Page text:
The hub of tourist activity in north Chile and more specifically in the Atacama desert region is the little town of San Pedro de Atacama. This is the main street, Caracoles.
How long to stay in the Atacama region?
It would be possible to see El Tatio and the spectacular altiplano/mountain scenery in one day and do the Salt Lake and Valley of the Moon in another, though that would be rushing it, particularly since you may need to acclimatise for two or three days in San Pedro (2, 400m) before heading for El Tatio (4, 500m). 4, 500m is quite high enough to squash your eyeballs into a different shape and starve you of oxygen so you go wobbly and/or nauseous, thus making the expensive and magnificent trip into an unpleasant endurance contest.
Perhaps spend two or three days doing the Salt Lake, the two valleys and whatever else takes your fancy before venturing up to El Tatio’s heights.
Official site: San Pedro de Atacama
Taking an afternoon dip in our private hot pool in the Atacama Desert. Well, nobody else there so it seemed private.
Renting a car for Atacama exploration
Another valley just a few kilometres from San Pedro, much favoured by sand boarders (boards rentable in San Pedro), encouragingly named ‘The Valley of Death’ or Valle de la Muerte in Spanish.
If you have reasonable financial resources, speak some Castellano (Spanish) and like a challenge then hire a vehicle. For serious exploration it should have high ground clearance, though 4WD is not vital.
Air conditioning is close to essential unless you don’t mind arriving at your destination with a melted face and dressed like you’ve just climbed fully clothed out of a swimming pool. The Atacama is a very hot.
Many of the rentals are 4 seater pick-up trucks, presumably since that’s what locals want when the car gets sold on a couple of year down the line, though it’s not ideal as you clearly can’t lock your baggage away nor can you protect your peanut butter from melting in the blazing sun.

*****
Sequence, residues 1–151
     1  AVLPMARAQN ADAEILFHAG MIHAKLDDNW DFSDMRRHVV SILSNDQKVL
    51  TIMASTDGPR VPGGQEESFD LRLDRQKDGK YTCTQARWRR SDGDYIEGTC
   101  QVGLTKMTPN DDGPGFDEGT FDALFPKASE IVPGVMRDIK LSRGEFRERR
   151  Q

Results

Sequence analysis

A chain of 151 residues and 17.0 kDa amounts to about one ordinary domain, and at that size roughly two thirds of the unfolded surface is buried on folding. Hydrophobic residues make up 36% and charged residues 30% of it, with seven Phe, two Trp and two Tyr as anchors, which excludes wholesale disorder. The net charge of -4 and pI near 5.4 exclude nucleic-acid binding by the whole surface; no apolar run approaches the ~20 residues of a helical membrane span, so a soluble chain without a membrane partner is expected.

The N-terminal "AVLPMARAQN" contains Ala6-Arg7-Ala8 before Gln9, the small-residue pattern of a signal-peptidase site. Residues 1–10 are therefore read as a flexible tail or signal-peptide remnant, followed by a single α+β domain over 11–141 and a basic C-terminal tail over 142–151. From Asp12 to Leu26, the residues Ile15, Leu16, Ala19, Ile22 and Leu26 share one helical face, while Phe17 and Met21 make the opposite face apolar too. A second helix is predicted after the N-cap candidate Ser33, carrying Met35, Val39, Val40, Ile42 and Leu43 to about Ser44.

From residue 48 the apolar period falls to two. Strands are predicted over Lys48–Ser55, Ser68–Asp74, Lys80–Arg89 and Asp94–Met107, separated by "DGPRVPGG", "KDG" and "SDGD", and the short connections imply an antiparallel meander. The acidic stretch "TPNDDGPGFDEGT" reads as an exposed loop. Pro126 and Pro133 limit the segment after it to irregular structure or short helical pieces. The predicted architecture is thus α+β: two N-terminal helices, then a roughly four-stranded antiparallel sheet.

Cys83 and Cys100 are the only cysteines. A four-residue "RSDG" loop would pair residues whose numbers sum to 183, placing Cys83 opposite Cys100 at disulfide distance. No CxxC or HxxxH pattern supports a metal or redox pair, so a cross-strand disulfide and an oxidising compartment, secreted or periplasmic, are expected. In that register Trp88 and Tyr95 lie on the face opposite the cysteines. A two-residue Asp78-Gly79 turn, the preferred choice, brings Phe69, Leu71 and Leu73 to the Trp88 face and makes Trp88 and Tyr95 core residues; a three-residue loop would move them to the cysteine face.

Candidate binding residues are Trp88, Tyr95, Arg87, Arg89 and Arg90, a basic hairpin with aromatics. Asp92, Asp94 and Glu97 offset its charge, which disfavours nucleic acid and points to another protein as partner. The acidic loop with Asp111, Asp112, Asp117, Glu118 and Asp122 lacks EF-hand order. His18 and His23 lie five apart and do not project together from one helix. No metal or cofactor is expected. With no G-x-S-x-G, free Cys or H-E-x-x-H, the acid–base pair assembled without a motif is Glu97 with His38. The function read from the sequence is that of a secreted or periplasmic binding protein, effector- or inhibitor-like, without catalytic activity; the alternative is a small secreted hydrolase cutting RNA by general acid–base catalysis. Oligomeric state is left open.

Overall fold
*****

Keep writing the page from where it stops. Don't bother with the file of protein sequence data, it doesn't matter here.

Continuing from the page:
On the positive side people who get car sick from the inevitable bouncing over very rough tracks are magically cured by rides in the back, clutching the roll cage and road surfing.
The easiest place to rent wheels is on arrival at Calama airport, needing just an hour’s drive to get to San Pedro.
p. s. If you’re planning to drive to El Tatio, a spectacular sight, you’ll certainly need a 4WD and a guide.
A typical Atacama gas station.
Pukara de Quitor
Pukara de Quitor fort, 3kms from San Pedro and barely worth the trouble of getting there. Photo by Lastutok
A pre-Inca fort famously stormed by Pedro de Valdivia’s 30-man cavalry, overcoming 1, 000 defenders. This sight is within easy reach of San Pedro but it’s still only just worth the trouble to visit (and pay an entrance fee) unless you have a special interest.
The ancient village of Tulor, precursor to San Pedro and just a few kilometres away.
Tulor was a village of up to 2, 000 people from about 800 BC, with interconnected, thick-walled buildings. The villagers moved to the present San Pedro location when the river dried up. The picture above encompasses almost everything that is visible now and walking through the ruins is not permitted, so over to you, the viewer. . . vale la pena?